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Let's suppose that $P\ne NP$. Is that possible to solve all the instances of size $n$ of an NP-complete problem in polynomial time using some "universal magic constant" $C_n$ that has a polynomial length $P(n)$? Clearly, if $P\ne NP$ this constant can be only calculated in exponential time and the calculation must be done for each $n$.

Thanks

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    $\begingroup$ Scott Aaronson gave a good overview of these kinds of ideas in his Quantum Computing since Democritus: scottaaronson.com/democritus/lec7.html $\endgroup$
    – Phylliida
    Oct 9, 2014 at 23:19
  • $\begingroup$ If you're only looking at inputs of size n, everything is O(1), with the constant just being the maximum runtime over the (finite) set of inputs. $\endgroup$ Oct 10, 2014 at 3:41
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    $\begingroup$ It is not at all clear that "if P!=NP this constant can be only calculated in exponential time". $\hspace{.38 in}$ It could take something between polynomial time and exponential time. $\hspace{1.61 in}$ $\endgroup$
    – user6973
    Oct 10, 2014 at 4:13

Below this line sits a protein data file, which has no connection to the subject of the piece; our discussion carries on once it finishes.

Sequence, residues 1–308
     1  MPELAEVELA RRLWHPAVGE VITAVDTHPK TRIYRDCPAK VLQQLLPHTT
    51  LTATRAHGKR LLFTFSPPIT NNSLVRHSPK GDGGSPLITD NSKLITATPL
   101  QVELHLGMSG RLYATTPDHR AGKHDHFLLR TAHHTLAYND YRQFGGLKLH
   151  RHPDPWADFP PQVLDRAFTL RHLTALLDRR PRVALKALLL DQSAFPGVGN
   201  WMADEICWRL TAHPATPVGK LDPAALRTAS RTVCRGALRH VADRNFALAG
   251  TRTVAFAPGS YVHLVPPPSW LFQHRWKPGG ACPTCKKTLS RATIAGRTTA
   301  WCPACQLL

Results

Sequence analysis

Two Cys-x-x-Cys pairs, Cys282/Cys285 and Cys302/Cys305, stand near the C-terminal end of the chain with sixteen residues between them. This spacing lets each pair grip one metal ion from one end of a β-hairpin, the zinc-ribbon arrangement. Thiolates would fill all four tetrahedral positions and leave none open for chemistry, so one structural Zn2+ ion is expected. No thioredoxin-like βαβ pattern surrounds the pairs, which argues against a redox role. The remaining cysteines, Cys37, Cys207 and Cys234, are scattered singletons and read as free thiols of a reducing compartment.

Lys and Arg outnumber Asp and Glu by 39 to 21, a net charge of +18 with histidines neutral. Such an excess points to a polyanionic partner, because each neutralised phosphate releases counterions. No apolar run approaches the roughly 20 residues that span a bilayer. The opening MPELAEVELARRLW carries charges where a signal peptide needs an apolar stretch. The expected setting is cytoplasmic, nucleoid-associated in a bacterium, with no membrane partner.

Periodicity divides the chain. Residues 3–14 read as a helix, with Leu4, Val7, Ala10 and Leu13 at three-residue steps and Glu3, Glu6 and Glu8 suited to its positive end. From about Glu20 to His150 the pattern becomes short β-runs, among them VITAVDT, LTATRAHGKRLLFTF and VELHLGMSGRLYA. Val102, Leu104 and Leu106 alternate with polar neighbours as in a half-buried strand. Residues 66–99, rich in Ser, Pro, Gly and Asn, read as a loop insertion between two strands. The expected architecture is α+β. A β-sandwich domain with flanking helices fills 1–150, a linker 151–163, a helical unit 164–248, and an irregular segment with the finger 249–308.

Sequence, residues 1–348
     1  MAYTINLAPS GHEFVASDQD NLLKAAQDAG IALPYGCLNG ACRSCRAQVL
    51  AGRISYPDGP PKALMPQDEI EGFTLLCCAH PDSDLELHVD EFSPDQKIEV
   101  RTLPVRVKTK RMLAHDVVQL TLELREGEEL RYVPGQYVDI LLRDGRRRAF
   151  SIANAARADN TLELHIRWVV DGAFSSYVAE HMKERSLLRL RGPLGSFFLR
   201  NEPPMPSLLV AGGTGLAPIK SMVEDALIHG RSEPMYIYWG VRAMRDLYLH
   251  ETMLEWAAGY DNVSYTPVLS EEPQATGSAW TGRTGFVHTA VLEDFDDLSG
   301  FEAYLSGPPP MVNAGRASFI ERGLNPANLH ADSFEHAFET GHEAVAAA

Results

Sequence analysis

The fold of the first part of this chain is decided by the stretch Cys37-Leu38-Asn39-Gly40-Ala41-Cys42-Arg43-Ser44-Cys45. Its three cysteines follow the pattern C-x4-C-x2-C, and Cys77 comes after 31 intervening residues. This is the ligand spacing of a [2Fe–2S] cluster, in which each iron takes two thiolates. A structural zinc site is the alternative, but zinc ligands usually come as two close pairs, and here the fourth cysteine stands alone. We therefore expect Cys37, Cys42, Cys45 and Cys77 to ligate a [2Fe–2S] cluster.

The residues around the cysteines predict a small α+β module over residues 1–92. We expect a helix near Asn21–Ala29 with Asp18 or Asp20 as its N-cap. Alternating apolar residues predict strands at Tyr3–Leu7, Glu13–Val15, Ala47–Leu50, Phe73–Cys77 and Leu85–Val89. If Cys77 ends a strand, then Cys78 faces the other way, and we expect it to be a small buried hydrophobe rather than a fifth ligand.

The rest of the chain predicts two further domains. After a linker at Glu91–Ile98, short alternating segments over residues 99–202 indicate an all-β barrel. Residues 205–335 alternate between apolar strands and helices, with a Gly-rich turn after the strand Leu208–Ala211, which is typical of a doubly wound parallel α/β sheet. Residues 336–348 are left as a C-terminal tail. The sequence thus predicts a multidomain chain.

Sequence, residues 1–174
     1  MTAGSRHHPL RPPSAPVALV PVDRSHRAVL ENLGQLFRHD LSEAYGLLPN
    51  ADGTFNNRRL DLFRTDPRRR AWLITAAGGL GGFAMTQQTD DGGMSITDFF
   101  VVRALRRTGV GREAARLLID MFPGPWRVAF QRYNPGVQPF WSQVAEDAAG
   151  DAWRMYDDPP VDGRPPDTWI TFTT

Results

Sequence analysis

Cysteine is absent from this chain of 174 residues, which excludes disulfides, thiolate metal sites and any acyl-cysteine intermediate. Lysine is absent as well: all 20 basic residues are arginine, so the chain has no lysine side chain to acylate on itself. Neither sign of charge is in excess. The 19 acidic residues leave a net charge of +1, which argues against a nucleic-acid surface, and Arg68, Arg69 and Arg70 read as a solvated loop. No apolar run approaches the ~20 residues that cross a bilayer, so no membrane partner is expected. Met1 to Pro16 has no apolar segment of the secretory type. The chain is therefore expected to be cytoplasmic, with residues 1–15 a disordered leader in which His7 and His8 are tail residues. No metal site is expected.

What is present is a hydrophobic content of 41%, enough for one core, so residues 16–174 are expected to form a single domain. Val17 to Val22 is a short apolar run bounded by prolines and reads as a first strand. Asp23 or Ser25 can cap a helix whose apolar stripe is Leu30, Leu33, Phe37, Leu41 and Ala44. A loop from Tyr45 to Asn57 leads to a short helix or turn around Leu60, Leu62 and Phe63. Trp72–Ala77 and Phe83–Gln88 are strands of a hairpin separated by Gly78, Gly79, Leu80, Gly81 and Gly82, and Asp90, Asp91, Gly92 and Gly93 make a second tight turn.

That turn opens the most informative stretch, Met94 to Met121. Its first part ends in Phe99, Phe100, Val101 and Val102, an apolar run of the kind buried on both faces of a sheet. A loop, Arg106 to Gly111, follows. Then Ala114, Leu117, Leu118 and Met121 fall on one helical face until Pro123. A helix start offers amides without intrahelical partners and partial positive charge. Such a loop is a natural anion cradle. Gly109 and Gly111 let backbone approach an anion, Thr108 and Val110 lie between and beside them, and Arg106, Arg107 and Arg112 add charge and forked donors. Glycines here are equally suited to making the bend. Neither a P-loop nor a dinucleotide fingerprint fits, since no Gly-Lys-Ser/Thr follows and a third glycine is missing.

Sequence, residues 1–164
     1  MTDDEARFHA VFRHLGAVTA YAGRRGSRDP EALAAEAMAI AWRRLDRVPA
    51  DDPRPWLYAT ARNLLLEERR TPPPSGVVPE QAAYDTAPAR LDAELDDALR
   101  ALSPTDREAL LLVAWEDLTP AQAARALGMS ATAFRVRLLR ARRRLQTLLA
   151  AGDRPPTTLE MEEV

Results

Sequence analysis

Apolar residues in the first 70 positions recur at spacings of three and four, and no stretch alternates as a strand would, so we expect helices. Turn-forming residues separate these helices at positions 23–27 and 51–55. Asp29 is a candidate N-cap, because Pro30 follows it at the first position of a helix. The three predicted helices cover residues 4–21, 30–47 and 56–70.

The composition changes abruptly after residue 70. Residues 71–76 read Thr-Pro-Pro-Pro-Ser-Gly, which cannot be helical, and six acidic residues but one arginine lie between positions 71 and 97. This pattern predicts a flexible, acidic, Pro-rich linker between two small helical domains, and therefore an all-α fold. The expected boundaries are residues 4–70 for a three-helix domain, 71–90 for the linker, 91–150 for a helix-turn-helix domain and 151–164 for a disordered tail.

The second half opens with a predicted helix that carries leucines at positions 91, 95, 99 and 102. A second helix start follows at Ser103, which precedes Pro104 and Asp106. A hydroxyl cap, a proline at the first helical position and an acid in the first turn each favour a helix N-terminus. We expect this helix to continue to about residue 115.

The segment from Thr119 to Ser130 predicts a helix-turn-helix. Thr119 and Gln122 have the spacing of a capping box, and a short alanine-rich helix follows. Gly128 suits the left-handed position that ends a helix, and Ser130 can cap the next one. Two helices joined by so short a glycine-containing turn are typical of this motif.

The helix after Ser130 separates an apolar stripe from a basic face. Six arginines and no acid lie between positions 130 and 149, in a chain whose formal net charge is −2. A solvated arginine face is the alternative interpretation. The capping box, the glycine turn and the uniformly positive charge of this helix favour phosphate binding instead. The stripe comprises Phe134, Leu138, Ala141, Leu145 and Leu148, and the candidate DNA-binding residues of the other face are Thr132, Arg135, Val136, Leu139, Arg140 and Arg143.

• $\begingroup$ This may answer your question UNIVERSAL EQUATION - Proof of P=NP academia.edu/8809357/UNIVERSAL_EQUATION_-_Proof_of_P_NP $\endgroup$
    – user25495
    Oct 17, 2014 at 0:40

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Probably not. What you are asking is whether NP $\subset$ P/poly. If this were true, then the polynomial hierarchy would collapse (this is the Karp–Lipton theorem), something that is widely believed not to happen.

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    $\begingroup$ To expand a little, such a universal constant is called (polynomial) advice, and the class of languages which are decidable in polynomial time with access to polynomial advice is called P/poly. $\endgroup$
    – Max
    Oct 10, 2014 at 10:30

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